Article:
As we were concluding preparation of this issue for publication, we learned that Martin Price—Director of the Centre for Mountain Studies, Perth College, University of the Highlands and Islands, and MRD's MountainMedia Editor since 1994—was awarded the golden King Albert Mountain Award for decisive achievements in the mountain world. The laudation for the award commends Professor Price's work with international organizations, his role as the organizer of international mountain conferences, and his work as a writer and editor of mountain publications. We are most grateful to count him among MRD's Editorial Team and congratulate him on receiving this distinction. By coincidence, the article in this issue's MountainPlatform section presents Martin's institution's recent achievements in the field of sustainable mountain development; and the issue concludes with 5 book reviews emerging from his activity as MountainMedia Editor. Without the dedicated work of experts like Martin Price and all the reviewers of articles submitted to the journal, MRD would not be able to serve its authors and readers in the way it does. We would like to thank them all for their commitment to ensuring the high-quality of work on mountains and mountain development that we are able to publish.
The 10 peer-reviewed papers in this Open Issue are all in the MountainResearch section and present “systems knowledge” of relevance to sustainable development in the Himalayas, Central Mexican range, Southeast European mountains, Pyrenees, Rocky Mountains, and Tibetan Plateau. In the first article, Tor Aase, Prem Chapagain, and Prakash Tiwari compare 2 Himalayan hill villages in India and Nepal, and explore what hampers or boosts these communities' ability to adapt to change and continue to contribute to food production; the value of this study lies in its integrated approach to innovation generation. In the second paper, Achyut Aryal and co-authors focus on the much higher Himalayan rangelands situated in the Mustang district of Nepal: their extensive analysis of a prolonged conflict over the use of rangeland by 2 villages reveals how complex it is to find solutions when stakeholders refer to competing and incompatible institutional frameworks. The basis for more sustainable rangeland management in Nepal is also the focus of the article by Khem Bhattarai and Thakur Upadhyay: in their ecological study, they show that total available fodder biomass in the Sagarmatha National Park has not been fully utilized yet and higher stocking rates would be advantageous to biodiversity, though not as the only measure, since wild ungulates also benefit from available fodder.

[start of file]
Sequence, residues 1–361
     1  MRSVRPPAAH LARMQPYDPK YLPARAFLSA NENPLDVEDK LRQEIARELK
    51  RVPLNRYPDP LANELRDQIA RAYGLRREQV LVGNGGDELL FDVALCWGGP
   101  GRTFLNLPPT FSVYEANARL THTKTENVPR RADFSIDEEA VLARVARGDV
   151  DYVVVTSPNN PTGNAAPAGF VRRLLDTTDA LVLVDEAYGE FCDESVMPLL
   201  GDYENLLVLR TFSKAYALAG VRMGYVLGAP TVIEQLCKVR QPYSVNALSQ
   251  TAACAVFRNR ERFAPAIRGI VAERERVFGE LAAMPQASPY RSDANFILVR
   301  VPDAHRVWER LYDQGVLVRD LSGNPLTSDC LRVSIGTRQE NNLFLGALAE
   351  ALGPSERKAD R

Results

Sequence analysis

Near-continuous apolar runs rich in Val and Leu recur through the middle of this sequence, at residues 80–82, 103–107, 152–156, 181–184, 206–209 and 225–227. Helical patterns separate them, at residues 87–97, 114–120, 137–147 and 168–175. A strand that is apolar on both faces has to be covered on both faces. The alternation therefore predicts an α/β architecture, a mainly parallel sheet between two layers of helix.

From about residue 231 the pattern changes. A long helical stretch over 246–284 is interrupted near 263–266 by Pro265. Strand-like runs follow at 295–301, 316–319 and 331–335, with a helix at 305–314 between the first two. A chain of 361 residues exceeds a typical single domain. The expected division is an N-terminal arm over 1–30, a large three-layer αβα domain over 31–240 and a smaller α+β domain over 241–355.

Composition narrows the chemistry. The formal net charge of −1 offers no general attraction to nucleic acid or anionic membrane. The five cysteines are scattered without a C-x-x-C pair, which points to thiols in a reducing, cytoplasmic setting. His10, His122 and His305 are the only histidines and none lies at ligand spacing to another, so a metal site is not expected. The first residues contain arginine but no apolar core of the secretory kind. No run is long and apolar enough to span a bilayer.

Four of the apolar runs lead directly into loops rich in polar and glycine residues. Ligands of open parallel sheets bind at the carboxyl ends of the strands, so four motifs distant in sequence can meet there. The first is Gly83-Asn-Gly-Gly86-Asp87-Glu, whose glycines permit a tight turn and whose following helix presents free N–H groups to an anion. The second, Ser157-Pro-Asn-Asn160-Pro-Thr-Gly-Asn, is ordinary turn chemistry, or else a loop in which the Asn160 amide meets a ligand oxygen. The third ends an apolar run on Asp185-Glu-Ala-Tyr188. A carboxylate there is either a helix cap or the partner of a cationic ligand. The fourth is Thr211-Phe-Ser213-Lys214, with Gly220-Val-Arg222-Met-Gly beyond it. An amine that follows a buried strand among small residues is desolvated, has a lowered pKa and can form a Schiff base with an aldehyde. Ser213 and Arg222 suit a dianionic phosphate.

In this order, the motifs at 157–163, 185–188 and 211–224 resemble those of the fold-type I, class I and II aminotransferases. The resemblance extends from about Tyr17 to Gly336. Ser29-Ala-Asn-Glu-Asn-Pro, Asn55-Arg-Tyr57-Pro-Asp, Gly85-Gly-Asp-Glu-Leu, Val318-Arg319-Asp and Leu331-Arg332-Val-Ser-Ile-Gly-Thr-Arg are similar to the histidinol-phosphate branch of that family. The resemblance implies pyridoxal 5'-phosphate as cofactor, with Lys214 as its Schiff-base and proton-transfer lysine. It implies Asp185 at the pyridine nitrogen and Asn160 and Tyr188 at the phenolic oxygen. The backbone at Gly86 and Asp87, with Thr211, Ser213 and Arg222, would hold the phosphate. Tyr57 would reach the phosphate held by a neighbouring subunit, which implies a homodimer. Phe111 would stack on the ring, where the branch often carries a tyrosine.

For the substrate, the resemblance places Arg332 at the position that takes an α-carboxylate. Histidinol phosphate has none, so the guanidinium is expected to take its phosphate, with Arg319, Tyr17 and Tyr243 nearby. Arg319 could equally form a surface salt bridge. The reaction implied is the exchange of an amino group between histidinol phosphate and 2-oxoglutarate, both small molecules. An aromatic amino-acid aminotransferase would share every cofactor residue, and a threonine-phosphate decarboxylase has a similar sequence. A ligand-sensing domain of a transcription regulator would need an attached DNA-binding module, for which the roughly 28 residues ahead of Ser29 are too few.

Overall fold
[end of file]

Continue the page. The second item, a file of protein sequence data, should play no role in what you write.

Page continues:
The status of mountain forests is the focus of the next 4 articles, 2 of which offer enhanced methodological approaches. Driven by their desire to support more cost-effective decisions regarding reforestation measures in Central Mexico, Gustavo Cruz-Bello and Erasto Sotelo-Ruiz propose a new geospatial decision-making tool to identify suitable areas for restoration. In the next paper, Stanislav Vacek and co-authors analyze the effect of local air pollution on the health status of spruce stands in a case study in the Krkonoše Mountains, Czech Republic; even now, they conclude, air pollution in the Sudeten represents a serious hazard for the forest ecosystem. As a contribution to monitoring the impacts of climate change in European mountains, Jaroslav Solár and Marián Janiga analyze the response of dwarf pine distribution to selected abiotic habitat conditions in the eastern Tatra Mountains, Slovakia. Maite Gartzia and co-authors devote their article to presenting an improved method for classifying vegetation in mountains, illustrating this with a case study of forest landscapes in the Spanish Central Pyrenees.
The last 3 papers in the MountainResearch section focus on climatic aspects and conditions in mountains. C. Andrew Day proposes a method for statistical downscaling of climate change projections in a comparatively small river basin in Colorado, USA, with the ultimate aim of improving water resource management in such basins, where large-scale projections are not really suitable. Yongming Xu, Yan Shen, and Ziyue Wu also propose a methodological innovation: using a harmonic analysis of time series (HANTS) algorithm, they try to tackle the task of assessing spatial and temporal variations of land surface temperature—a key factor in energy and water transfers—on the Tibetan Plateau, an area where remoteness makes data collection very difficult. In the final paper, Jiankang Liu, Zunlan Cheng, and Qinghui Li analyze the relationship between weather and debris flows from Guxiang Glacier, a typical maritime glacier in Tibet, in order to better predict potential threats to an important road in the valley that runs south of the glacier.
We hope that readers will appreciate and benefit from these results of research conducted in mountains worldwide.